Biden’s State of the Union Highlights Absurd Reach of Federal Government
President Joe Biden gave his second State of the Union Address last night. It was, above all, a testament to the ridiculous breadth of issues we expect our executive branch to be involved in and the absurd reach of the federal government into all aspects of American life.
Biden delved into everything from the price of insulin to protecting Roe v. Wade, safeguarding kids from social media ads, lowering consumer prices, getting more Americans mental health services, ensuring better patient treatment at nursing homes, raising the minimum wage, subsidizing childcare, stopping drug trafficking, helping young transgender people reach their potential, creating manufacturing jobs, combating cancer, and more. (You can read the whole thing here.)
One of the most notable—and libertarian-friendly—sections of the speech related to COVID-19 and the pandemic, with Biden (in a test of new Democratic messaging on the issue?) promising a return to normalcy. “COVID-19 need no longer control our lives,” he declared, while still touting the efficacy of vaccines, the importance of testing, and the need to stay vigilant about new variants.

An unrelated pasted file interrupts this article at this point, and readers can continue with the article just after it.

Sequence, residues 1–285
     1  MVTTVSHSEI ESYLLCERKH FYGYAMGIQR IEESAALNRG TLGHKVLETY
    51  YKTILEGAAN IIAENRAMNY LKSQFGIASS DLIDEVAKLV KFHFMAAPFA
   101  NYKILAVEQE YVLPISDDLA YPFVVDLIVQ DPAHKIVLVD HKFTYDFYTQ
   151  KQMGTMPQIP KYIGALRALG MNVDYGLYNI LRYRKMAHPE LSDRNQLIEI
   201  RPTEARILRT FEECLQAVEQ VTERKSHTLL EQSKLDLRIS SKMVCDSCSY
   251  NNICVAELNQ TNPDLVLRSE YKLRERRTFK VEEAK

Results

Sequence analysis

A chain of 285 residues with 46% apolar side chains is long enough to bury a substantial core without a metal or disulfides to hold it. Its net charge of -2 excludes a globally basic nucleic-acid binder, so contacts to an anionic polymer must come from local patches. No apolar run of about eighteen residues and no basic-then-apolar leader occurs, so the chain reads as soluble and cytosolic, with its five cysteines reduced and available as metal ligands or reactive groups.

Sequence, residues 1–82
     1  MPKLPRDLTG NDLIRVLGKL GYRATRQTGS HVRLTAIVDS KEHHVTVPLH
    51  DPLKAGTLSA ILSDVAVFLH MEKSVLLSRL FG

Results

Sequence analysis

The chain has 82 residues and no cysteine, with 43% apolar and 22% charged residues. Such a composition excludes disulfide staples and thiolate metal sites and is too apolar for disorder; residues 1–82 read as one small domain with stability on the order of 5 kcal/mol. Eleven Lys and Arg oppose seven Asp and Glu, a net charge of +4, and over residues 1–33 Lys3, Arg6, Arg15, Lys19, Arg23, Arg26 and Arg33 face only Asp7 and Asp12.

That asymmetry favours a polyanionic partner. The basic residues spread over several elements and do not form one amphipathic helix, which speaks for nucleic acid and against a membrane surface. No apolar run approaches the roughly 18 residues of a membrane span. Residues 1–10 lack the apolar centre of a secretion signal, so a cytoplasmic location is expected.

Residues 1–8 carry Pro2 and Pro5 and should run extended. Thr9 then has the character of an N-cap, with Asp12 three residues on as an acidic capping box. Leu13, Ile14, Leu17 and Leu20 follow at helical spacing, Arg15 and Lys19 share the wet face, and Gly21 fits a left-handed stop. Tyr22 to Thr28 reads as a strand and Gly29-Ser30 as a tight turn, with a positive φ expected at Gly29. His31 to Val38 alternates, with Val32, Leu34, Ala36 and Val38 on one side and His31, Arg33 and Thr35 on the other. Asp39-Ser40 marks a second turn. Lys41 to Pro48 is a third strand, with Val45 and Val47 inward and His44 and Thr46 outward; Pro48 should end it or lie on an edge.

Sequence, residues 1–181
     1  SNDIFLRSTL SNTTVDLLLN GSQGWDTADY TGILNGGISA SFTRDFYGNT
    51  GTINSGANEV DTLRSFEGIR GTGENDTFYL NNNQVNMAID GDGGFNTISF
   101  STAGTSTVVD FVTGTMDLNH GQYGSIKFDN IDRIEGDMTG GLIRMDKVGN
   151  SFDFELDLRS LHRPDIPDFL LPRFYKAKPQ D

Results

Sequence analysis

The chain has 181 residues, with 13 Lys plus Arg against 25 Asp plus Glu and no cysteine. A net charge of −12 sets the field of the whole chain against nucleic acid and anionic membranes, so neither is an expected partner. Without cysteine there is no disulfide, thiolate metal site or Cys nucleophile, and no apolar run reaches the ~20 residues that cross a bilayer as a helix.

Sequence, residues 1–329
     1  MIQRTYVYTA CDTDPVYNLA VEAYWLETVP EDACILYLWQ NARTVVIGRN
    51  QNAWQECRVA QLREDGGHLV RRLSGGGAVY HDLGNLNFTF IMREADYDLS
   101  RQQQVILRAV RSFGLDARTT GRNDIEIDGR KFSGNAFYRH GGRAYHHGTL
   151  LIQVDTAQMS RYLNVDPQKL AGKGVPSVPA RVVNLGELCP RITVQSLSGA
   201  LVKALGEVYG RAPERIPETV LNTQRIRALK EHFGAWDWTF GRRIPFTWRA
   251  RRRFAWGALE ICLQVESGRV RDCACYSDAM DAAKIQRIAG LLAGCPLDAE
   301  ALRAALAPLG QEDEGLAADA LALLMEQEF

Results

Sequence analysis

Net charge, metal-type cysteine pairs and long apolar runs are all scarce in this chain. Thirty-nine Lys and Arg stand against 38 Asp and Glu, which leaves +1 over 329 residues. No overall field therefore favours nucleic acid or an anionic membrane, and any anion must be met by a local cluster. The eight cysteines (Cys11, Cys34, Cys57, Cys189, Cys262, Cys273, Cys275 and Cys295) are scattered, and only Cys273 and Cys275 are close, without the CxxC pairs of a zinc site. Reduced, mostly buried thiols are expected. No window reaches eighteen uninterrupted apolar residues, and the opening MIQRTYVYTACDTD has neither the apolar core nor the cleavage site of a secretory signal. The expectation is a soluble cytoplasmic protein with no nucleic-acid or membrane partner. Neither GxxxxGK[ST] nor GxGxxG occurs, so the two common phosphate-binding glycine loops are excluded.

“Most Americans in most of the country can now be mask free,” said Biden, pointing to new Centers for Disease Control and Prevention guidelines. He also commented: “Our schools are open. Let’s keep it that way.”
But Biden’s State of the Union hit way too many notes that would’ve been right at home in an address from former President Donald Trump. He called for more police funding, talked about the need to strengthen our southern border, and went on at length about America-first trade policies and buying American.
“This is more a populist than a left-wing speech: trade protection, business subsidies, transfer payments, more money for police, secure the border,” commented Cato Institute’s Executive Vice President David Boaz.
Here’s more State of the Union analysis from Reason writers:
Politician can block people on personal Facebook pages. A federal appeals court ruled that it doesn’t violate the First Amendment for a New Mexico politician to block someone on his personal Facebook page. The case involves Otero County Commissioner (and Cowboys for Trump co-founder) Couy Griffin and whether his personal Facebook page counted as a public forum for free speech purposes.
“Three judges from the appeals court ruled unanimously that plaintiff Jeff Swanson, chairman of the Otero County Democratic Party, failed to show that the law has determined when a personal social media profile becomes a public forum, with 1st Amendment protections,” reports the Associated Press. Swanson had argued that “elected leaders should not be able to shut out the electorate from political conversations on social media,” after being blocked from Griffin’s personal Facebook profile after criticizing the commissioner.
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